- The Washington Times - Wednesday, November 13, 2013

Gun permit applications in Newtown, Conn., skyrocketed in the five months after the Sandy Hook Elementary School shooting in December, reflecting the anxiety among residents as the legislature was debating tougher gun-control legislation, the Hartford Courant first reported.

Between January and May of this year, Newtown residents applied for 183 permits, up from the 87 permits during the same time period last year. Connecticut towns award temporary permits, whereas the state issues full permits, the newspaper said.

Statewide, police issued 18,233 new permits from March to September 2013, which reflects a 78 percent increase from the same period the year prior.

Local officials said they believed the Sandy Hook shooting, where 20 first-graders and six women were killed, as well as new gun-control legislation, is likely what prompted the rush for new gun permits.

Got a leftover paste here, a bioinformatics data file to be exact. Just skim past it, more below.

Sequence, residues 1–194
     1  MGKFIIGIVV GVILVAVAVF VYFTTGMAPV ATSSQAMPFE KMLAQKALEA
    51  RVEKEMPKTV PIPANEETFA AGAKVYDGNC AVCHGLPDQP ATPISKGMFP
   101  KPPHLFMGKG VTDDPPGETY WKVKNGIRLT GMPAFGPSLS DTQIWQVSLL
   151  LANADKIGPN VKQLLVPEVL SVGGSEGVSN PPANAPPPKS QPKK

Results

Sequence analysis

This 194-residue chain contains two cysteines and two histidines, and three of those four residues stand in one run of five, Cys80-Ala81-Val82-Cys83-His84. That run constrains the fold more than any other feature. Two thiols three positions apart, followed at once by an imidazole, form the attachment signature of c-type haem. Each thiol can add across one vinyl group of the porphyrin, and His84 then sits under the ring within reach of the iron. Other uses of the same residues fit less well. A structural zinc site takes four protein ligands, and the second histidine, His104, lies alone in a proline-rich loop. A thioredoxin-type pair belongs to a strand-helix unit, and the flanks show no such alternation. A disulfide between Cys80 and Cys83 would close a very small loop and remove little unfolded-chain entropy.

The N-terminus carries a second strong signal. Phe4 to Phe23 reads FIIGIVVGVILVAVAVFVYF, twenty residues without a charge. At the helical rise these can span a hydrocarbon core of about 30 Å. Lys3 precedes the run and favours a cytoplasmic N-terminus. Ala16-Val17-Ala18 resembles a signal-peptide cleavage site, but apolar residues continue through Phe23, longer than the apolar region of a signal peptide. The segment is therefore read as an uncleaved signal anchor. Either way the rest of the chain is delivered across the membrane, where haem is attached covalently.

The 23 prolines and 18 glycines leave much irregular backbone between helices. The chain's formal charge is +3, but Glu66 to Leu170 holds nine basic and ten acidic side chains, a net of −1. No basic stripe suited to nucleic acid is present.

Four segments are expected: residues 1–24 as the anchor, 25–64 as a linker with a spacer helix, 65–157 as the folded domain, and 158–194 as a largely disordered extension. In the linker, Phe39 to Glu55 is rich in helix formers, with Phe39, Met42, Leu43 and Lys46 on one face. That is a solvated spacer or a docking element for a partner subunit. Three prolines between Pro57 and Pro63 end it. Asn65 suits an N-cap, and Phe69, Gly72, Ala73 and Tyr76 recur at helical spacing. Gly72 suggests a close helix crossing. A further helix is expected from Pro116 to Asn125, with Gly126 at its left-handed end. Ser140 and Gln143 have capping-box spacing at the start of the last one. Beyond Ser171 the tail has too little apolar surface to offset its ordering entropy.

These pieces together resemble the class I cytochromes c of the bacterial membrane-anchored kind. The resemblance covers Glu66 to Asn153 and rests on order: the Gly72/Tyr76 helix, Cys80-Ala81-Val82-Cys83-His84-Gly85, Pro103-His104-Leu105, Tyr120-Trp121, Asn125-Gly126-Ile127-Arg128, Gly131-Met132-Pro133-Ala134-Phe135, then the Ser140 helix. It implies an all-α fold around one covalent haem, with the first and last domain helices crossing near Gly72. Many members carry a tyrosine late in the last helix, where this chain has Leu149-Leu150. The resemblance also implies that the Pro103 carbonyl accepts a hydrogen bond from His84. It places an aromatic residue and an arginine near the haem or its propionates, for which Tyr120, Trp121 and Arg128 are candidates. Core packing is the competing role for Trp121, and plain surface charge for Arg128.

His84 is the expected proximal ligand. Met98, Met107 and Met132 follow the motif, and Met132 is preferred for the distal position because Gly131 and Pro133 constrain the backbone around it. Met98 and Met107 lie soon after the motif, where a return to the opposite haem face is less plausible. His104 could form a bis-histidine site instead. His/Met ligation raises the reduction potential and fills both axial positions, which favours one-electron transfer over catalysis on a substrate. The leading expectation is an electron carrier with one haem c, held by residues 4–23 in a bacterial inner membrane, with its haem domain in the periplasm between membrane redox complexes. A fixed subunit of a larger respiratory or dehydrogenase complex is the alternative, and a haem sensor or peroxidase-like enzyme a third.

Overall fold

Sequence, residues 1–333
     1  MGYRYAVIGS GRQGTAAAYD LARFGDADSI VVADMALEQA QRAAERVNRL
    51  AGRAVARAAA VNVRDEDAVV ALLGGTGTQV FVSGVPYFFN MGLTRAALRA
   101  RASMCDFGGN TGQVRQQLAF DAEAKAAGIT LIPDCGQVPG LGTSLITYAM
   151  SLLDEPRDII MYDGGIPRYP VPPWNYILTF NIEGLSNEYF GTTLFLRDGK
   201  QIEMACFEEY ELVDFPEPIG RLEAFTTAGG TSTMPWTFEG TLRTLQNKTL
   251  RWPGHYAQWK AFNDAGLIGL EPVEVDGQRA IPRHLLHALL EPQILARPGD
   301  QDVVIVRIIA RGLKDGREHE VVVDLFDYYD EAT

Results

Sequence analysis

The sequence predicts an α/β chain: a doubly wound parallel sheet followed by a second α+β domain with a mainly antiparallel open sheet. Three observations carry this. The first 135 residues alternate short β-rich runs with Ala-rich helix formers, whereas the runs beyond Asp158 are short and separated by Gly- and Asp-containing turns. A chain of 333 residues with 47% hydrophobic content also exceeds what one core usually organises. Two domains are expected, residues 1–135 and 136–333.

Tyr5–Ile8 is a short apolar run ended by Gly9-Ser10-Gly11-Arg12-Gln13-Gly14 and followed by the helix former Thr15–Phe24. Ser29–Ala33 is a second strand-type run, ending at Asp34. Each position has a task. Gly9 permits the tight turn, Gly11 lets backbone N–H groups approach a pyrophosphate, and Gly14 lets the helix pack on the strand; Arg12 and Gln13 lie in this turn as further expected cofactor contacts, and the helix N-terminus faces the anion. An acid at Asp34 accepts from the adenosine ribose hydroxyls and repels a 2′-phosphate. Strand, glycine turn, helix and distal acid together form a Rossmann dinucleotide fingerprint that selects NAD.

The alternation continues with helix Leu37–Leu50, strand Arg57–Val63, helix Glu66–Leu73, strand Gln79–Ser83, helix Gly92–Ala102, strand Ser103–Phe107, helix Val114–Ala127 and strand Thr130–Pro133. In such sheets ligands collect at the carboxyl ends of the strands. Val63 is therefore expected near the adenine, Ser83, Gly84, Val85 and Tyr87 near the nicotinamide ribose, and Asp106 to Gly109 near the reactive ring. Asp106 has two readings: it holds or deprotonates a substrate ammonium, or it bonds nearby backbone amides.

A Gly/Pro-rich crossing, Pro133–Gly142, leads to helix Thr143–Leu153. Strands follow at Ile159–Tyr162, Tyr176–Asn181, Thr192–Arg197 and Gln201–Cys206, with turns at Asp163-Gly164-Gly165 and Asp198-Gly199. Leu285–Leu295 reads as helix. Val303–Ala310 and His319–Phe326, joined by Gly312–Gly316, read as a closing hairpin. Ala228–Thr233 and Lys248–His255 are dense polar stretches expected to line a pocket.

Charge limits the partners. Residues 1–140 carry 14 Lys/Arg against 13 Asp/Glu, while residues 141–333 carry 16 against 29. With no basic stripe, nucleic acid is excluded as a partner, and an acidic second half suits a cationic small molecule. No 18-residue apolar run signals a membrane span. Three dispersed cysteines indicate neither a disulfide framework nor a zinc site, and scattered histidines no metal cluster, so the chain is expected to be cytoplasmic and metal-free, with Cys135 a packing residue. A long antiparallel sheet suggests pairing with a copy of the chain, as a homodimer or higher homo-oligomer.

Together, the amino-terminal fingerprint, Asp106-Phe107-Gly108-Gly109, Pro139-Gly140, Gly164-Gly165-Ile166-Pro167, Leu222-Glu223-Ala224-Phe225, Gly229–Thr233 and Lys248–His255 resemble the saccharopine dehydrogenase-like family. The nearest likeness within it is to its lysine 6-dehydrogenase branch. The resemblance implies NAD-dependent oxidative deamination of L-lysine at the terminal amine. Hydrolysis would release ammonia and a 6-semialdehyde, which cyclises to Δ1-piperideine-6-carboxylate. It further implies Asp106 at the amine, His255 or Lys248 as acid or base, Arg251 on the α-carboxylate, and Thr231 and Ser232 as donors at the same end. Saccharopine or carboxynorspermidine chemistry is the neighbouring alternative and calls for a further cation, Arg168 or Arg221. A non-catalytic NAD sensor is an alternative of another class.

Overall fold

“Many people expressed their concerns even before the shooting that gun laws were going to change and there would be tighter restrictions on getting a gun permit,” Newtown police records manager Robert Berkins told the Courant.

The Newtown police department was so bogged down with paperwork that it had to hire a part-time clerk to help process the applications.

Tougher laws were passed in April but did not go into effect until months later.

Legislation passed in April banned the sale of more than 100 types of “military-style rifles,” limited large-capacity magazines to 10 bullets, and it imposed stricter penalties, the report said.

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